The value add of Otto was never a circuit board design for a technology (Lidar) that, with the current fashionableness of all things “self driving,” are obsoleted every six months anyway. Instead, the value add was application of knowledge gained in the context of a more general solution to “‘se;d driving,” to one more specifically aimed at a much simpler subset of the problem(s) Levandowski worked on at Google/Waymo: That of heavy trucks driving on highways. Waymo could have specifically targetted trucks as well, and Levandowski would never have left.

    But they didn’t, so he did, and in the process helped make “self driving” something with a least a sliver of potential to be something more than just hype.

    Which is more than any lawyer, investor, manager nor other self promoting semi literate neither have, nor ever will, accomplish. Which, of course, won’t stop them from doing the only thing they are capable of: Trying to get the power of the state to help them stick their useless, grubby fingers into value chains created and fed by those that are actually trying to do something useful with their lives.

    • 0 avatar
      SCE to AUX

      “If he did bring actual documents, the only role they served were one of convenience.”

      Yes, but one aim of protecting intellectual property is to make it difficult to replicate the knowledge somewhere else. And then when you do (by memory, let’s say), it needs to have sufficient distinction from the original to not be considered a copy.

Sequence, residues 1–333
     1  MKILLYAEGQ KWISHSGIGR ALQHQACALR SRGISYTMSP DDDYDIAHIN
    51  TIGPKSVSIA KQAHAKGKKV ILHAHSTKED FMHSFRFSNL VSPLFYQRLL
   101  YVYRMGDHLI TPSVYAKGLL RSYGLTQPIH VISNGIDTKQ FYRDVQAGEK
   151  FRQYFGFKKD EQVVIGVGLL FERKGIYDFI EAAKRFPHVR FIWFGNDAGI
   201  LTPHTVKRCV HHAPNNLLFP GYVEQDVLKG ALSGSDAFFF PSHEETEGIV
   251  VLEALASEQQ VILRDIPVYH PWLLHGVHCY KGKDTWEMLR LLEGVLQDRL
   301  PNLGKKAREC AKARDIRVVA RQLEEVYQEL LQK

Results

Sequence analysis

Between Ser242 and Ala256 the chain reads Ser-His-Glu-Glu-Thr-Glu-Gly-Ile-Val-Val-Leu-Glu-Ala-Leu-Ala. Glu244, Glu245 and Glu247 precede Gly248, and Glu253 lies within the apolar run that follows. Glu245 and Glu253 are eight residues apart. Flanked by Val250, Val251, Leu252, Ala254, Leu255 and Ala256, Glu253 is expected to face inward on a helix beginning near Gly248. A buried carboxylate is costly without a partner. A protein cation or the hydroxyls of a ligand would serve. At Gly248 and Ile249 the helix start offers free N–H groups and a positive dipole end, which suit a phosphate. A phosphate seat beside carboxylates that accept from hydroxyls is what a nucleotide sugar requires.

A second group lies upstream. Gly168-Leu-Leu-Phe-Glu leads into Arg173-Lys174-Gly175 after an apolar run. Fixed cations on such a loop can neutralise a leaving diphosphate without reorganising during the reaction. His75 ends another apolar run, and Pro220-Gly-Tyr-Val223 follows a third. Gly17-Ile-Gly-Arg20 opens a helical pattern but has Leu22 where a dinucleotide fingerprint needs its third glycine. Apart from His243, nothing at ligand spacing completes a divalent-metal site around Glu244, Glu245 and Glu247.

Companies understand this, and often try to enforce non-compete rules on certain high-value employees so they don’t jump to a competitor with the goods, sometimes for a year or so. Boldly copying electronic files is expressly forbidden.

      Being a bright guy doesn’t entitle you to steal the files just because you’d figure it out anyway.

      • 0 avatar
        mcs

        I pretty much remember and could re-create any significant code I’ve ever created. That’s the kind of stuff you don’t forget. That being said, every time I left a company to compete with them was because I didn’t like what they were doing in terms of design direction and wouldn’t touch their code with a ten-foot pole anyway. When I was younger and a bit naive, I used to think that I could come in and fix screwed up companies. I was wrong.

        • 0 avatar
          stuki

          “…every time I left a company to compete with them was because I didn’t like what they were doing in terms of design direction…”

          As in, didn’t like the excessive cautiousness at Waymo/Google, which would pretty much guarantee years spent “making sure,” before attempting to get anything obviously significant off the ground. So you get the heck out with all you have learned so far in life, and start Otto.

          Which noone really minds, as you’ll just crash and burn anyway, being a loose cannon cowboy. It’s not like the “email logs” from the pre-Otto days, only yesterday became known, after all. Instead, the whole lawsuit is not about Levandowski “stealing”, but about slowing down and upping the cost/risk for Uber. By means of weaseling around with lawyers. Rather than beating them braino y braino.

          • 0 avatar
            mcs

            Waymo, as far as I know, is being overly cautious in some bad ways. I think they need to be a bit more aggressive when it comes to testing environments. Maybe they are and I don’t know about it.